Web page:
Saying goodbye two years later


Almost two years to the day has gone by since I wrote a hello piece for this publication. Sadly, I am now penning my goodbye.

Growing up, there was nothing more I wanted to do in life than write. I channeled my creative expression through the manuscripts of screenplays, stage plays, short stories and comic books that I’m sure I’d be embarrassed to re-read nowadays.

I was lost as I wandered my way through three years of college and university trying to balance my love of literature and history with the reality that passion usually won’t produce a pay cheque.

In the end, it always came back to writing. Journalism became my outlet for that and I put my all into it.

My career progressed from school practicum, to newsroom intern directly into a full-time career. I had a desk to call my own and a pregnant wife at home. Life seemed as it should be and I truly did see myself having a long career covering stories in Airdrie and Rocky View County.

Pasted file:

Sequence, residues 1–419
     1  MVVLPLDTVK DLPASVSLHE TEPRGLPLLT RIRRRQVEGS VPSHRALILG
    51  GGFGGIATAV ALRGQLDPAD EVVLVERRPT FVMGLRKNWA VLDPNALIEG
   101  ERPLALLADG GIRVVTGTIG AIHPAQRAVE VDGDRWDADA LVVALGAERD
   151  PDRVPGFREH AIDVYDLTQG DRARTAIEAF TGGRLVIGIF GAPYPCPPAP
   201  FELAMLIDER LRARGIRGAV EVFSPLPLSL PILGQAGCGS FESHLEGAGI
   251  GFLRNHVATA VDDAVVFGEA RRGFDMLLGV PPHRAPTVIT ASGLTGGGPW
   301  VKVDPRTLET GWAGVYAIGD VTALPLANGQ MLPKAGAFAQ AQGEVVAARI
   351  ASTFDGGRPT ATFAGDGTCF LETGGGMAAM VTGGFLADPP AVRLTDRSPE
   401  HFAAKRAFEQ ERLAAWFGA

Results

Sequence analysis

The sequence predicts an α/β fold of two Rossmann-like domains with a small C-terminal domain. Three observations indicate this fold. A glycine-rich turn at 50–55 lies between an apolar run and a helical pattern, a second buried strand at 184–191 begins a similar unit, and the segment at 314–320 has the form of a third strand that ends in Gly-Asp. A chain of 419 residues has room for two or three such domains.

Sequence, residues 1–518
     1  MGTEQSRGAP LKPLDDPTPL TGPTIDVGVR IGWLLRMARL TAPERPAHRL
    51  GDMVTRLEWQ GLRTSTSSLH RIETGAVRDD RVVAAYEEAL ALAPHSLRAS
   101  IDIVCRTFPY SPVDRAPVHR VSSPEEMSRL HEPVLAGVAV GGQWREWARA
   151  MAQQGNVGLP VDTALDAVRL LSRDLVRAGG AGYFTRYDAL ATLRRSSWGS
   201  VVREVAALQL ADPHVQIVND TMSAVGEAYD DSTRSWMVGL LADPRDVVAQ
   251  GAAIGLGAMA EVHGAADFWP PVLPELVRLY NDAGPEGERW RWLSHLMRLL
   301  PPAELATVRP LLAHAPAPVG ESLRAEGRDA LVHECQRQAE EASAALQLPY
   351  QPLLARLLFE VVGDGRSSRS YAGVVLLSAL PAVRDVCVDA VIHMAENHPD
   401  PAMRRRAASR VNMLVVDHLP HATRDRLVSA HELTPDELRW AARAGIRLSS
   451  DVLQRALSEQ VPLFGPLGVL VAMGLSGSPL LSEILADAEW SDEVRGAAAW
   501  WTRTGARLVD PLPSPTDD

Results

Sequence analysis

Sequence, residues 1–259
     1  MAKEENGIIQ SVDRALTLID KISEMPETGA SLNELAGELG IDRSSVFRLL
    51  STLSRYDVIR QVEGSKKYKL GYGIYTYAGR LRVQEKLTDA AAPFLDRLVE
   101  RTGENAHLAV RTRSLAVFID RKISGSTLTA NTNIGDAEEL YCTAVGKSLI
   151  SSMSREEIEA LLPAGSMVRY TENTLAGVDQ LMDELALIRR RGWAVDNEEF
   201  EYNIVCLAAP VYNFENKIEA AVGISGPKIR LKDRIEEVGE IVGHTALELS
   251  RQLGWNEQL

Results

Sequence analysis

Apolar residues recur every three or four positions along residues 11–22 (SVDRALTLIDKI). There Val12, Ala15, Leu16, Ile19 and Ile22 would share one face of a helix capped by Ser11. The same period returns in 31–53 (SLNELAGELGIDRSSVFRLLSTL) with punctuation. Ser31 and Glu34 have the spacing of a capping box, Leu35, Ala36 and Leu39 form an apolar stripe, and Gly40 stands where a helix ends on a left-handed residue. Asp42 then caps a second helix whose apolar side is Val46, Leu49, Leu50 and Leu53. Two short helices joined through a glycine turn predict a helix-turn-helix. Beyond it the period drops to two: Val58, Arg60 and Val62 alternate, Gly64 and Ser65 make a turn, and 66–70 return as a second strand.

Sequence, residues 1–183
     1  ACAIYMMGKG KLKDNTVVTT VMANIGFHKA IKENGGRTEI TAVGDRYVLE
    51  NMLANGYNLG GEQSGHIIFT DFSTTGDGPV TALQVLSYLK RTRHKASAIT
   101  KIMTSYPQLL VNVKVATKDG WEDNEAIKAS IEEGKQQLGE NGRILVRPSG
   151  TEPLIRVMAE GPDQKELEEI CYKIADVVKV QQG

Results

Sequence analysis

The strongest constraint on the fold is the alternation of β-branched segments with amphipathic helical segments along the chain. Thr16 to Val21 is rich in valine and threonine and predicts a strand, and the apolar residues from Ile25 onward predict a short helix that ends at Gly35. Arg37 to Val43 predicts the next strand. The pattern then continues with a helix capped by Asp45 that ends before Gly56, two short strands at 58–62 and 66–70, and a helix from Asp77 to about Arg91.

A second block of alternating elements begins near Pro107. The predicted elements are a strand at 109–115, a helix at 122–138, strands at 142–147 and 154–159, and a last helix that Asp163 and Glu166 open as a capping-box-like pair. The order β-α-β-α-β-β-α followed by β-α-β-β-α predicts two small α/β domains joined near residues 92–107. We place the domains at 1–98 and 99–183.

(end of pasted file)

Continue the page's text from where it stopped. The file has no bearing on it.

Two months into my position, however, my world derailed. Our daughter was stillborn at five months and that loss was followed by two miscarriages over the next two years.

I pushed much of myself down after that. I had to. I was a man and that’s what men do.

In reality, that’s the only thing men know how to do.

According to the Canadian Mental Health Association, men and mental health can be referred to as “a silent crisis.”

I’ve learned now that suppression is not a solution. After the third loss, something broke inside of me and years of anxiety and depression took over.

There was an aspect of my consciousness that didn’t want to be a part of this reality anymore and that scared me. For the first time in my life, I stopped suppressing and reached out for help.

It’s difficult to admit you need help and even more difficult to say the words to someone else.

Part of that grieving process was introspection by playing my whole life forward. The theme that surfaced time and time again was “home.”

Five years ago, we moved from Alberta for a better life. It’s been an honour telling the stories of this region but it’s time for me to find home once again.


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